bims-chumac Biomed News
on Context effects on human mate choice
Issue of 2020‒03‒29
four papers selected by
Jay Dixit
Storytelling.NYC


  1. R Soc Open Sci. 2020 Jan;7(1): 191209
    Clarkson TR, Sidari MJ, Sains R, Alexander M, Harrison M, Mefodeva V, Pearson S, Lee AJ, Dixson BJW.
      The strength and direction of sexual selection via female choice on masculine facial traits in men is a paradox in human mate choice research. While masculinity may communicate benefits to women and offspring directly (i.e. resources) or indirectly (i.e. health), masculine men may be costly as long-term partners owing to lower paternal investment. Mating strategy theory suggests women's preferences for masculine traits are strongest when the costs associated with masculinity are reduced. This study takes a multivariate approach to testing whether women's mate preferences are context-dependent. Women (n = 919) rated attractiveness when considering long-term and short-term relationships for male faces varying in beardedness (clean-shaven and full beards) and facial masculinity (30% and 60% feminized, unmanipulated, 30% and 60% masculinized). Participants then completed scales measuring pathogen, sexual and moral disgust, disgust towards ectoparasites, reproductive ambition, self-perceived mate value and the facial hair in partners and fathers. In contrast to past research, we found no associations between pathogen disgust, self-perceived mate value or reproductive ambition and facial masculinity preferences. However, we found a significant positive association between moral disgust and preferences for masculine faces and bearded faces. Preferences for beards were lower among women with higher ectoparasite disgust, providing evidence for ectoparasite avoidance hypothesis. However, women reporting higher pathogen disgust gave higher attractiveness ratings for bearded faces than women reporting lower pathogen disgust, providing support for parasite-stress theories of sexual selection and mate choice. Preferences for beards were also highest among single and married women with the strongest reproductive ambition. Overall, our results reflect mixed associations between individual differences in mating strategies and women's mate preferences for masculine facial traits.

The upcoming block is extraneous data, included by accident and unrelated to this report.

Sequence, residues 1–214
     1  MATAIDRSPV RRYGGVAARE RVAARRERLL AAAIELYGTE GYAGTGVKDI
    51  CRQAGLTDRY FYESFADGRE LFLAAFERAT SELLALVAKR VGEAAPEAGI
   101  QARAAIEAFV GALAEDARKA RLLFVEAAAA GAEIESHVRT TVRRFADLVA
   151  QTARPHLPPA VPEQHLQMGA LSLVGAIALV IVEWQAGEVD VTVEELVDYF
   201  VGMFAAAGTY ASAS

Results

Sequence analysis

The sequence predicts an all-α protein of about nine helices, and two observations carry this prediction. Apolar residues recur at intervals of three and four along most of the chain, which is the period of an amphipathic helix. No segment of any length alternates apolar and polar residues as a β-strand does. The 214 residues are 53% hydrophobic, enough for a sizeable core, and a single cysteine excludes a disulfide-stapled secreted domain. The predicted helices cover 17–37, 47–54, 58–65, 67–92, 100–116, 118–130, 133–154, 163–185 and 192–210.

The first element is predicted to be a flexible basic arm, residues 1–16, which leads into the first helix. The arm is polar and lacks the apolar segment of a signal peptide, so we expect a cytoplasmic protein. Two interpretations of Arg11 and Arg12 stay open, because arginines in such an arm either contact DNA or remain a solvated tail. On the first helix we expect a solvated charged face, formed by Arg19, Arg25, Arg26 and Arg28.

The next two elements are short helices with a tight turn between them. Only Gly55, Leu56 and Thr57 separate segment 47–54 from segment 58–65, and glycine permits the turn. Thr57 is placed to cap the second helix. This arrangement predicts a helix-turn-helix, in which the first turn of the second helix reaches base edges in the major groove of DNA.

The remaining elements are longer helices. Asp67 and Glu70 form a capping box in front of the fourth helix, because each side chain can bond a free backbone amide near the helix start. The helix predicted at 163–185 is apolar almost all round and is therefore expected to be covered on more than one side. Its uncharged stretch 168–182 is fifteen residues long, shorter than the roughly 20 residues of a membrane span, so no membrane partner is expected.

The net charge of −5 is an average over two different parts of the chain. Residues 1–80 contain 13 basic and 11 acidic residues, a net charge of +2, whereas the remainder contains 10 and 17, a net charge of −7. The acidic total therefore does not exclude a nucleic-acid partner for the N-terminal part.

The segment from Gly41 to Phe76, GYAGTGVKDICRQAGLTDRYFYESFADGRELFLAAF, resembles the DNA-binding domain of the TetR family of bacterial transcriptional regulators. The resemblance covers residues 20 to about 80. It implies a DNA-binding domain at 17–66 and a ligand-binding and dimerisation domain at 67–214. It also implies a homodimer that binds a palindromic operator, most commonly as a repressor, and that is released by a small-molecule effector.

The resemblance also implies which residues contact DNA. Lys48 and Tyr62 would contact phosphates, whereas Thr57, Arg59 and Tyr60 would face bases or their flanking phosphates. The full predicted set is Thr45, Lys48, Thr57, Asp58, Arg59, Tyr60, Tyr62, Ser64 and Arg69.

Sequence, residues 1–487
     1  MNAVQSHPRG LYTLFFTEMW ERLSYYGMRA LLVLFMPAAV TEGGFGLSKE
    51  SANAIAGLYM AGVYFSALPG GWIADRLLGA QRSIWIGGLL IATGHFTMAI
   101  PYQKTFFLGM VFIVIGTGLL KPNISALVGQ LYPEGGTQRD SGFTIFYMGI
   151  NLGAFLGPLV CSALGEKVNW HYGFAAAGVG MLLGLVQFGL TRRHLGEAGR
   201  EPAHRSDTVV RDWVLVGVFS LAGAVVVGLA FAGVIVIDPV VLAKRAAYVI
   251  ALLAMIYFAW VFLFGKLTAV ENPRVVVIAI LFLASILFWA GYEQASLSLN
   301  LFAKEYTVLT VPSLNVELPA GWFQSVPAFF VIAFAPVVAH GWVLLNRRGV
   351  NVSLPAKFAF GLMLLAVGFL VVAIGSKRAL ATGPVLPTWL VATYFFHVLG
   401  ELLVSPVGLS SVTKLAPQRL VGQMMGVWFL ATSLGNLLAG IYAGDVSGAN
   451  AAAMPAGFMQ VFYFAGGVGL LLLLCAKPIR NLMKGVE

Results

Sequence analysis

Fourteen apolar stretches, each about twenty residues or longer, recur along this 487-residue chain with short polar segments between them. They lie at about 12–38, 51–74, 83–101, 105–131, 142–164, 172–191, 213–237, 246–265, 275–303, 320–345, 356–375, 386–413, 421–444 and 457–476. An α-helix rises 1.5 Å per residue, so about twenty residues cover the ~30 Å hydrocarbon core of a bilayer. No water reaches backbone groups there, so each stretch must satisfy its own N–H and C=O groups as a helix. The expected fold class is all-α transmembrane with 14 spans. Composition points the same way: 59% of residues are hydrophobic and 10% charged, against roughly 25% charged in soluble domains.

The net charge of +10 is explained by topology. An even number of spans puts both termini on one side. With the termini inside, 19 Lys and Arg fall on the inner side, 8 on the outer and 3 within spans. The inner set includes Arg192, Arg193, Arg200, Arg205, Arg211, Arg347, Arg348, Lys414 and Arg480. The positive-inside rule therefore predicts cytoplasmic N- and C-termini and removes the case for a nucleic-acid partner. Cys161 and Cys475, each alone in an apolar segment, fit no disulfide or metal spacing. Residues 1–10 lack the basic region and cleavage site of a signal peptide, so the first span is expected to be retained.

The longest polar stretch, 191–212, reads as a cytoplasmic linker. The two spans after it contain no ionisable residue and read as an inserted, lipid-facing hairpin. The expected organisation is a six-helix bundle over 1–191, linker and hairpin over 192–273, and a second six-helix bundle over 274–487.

Keywords:  facial attractiveness; facial hair; facial masculinity; human evolution; mate choice; sexual selection
    DOI:  https://doi.org/10.1098/rsos.191209
  2. J Sex Med. 2020 Mar 20. pii: S1743-6095(20)30122-3. [Epub ahead of print]
    Mitchell VE, Mogilski JK, Donaldson SH, Nicolas SCA, Welling LLM.
      BACKGROUND: Previous research has found differences in sexual motives and, separately, sexual satisfaction in consensually non-monogamous (CNM) and monogamous individuals and that these constructs are related to relationship outcomes (eg, relationship quality).AIMS: The present study sought to refine and expand on previous research by (i) using a more common, validated measure of sexual motives, (ii) measuring sexual satisfaction with multiple partners within CNM relationships, and (iii) examining how sexual motives are related to sexual satisfaction in CNM relationships.
    METHODS: Participants were recruited from a university and using online forums that CNM individuals frequently use (eg, reddit, Facebook). Individuals recruited included those in non-exclusive relationships with one partner ("non-exclusive single-partner;" n = 40), those in non-exclusive relationships with more than one partner ("non-exclusive multipartner;" n = 87), and monogamous individuals (n = 322). Data were analyzed using multivariate analysis of variance and hierarchical multiple regressions.
    OUTCOMES: The main outcome measures of this study are scores on the Why Humans Have Sex Scale and the New Scale for Sexual Satisfaction.